Weekend Movies: Five Reasons to Watch Time Lapse
Shout out to my wonderful, patient friend Wes (HI WES!), who suggested Bradley D. King’s 2014 film Time Lapse. As in, months ago. That became a running joke with us, that would go something like this:
Wes (typing sweetly): “I see you haven’t
covered Time Lapse yet.”
Me (slob in longue pants): “Next few weeks. I
|Time travel – with pictures!|
Writers go through it. Painters go through it. Photographers go through it. It sucks, and there’s no real way around it. You just have to work through it, as unpleasant as it is. This one manages to take the subject and place emphasis on how much it silently impacts the artist. In the first five minutes of the film, we can see how much a creative block is bothering Finn. O’Leary does a great job with conveying this; it’s simply something you need to see, if only to get how much it can suck to be an artist (or writer, or photographer, or musician) sometimes.
There are some time travel films that require a map, a graph, several pie charts and a few beers in order to understand. Case in point: Shane Carruth’s Primer, which, while incredible to the point of calling it extraordinary, is exceedingly difficult to process in just one unassisted go. Time Lapse is approachable in that the concept is simple: machine takes a picture 24 hours in advance, and you can’t change the events without risking doom. Boom. Explained.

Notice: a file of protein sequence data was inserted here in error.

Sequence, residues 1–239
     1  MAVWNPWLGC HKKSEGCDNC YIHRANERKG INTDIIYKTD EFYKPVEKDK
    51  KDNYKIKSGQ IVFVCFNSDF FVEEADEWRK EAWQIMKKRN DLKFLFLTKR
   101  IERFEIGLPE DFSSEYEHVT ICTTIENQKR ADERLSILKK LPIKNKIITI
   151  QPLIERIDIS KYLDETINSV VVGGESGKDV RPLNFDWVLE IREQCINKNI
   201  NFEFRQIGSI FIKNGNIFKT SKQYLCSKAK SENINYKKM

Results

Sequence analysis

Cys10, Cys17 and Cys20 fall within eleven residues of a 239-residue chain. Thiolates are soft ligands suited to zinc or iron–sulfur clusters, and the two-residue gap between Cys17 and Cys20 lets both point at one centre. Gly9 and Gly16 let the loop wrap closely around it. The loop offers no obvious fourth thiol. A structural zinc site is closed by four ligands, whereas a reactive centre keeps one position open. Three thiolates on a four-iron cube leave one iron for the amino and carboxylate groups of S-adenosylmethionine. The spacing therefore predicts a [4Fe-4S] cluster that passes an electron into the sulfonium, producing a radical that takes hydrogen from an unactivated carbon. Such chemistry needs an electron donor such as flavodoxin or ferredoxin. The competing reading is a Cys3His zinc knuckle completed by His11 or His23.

|Way easier to get then Primer.|
Too often, we get to see the usual suspects of addiction: drugs and alcohol. Sometimes, we even get sex thrown in there as well. One that’s not done in film as often is the addiction to gambling, in part because it’s not as seedy as the others. There’s nothing sexy about sitting around watching a guy yell and scream at a T.V. screen (You: “But Erin, don’t you date gamers?” Me: “Quiet you. That’s different.”). If you’ve ever known gambler, you’ll know that it’s just as much of a struggle to not place a bet as it is for an alcoholic to walk past a bottle of Jameson. We get to see the self-loathing and acceptance as well as the lack of change. It’s subtle, but it’s a piece of the addiction pie that still needs some attention. Just because it isn’t a chemical substance doesn’t mean it’s not a valid addiction that requires study and compassion.
Callie and Finn are in a relationship. It’s a poor one at that. You know what’s sad sometimes? Watching one person try to make an entire relationship work on their own. Making meals, sweet gestures, the painful glances. I wanted her to dump him so badly I could taste it, which says a lot for the filmmakers if you’re getting a perpetual optimist like me to yell, “DTMFA!” (For those of you unfamiliar with Dan Savage, that’s “dump the motherfucker already.”) If you’ve ever been in Callie’s shoes, it will be a bit difficult to watch; however, the portrait is accurate.
Part of why I like time travel films so much are the questions it asks of the audience members’ personal limits. The big one: if you could look into the future, would you? Are you worried about what that says about you? Would you want to ensure that the future you see happens in order to prevent unpleasant effects, and do those side effects even exist? Is it all really inevitable, and are we better off not knowing? Food for thought.
|Totally suspicious. And lots of fun.|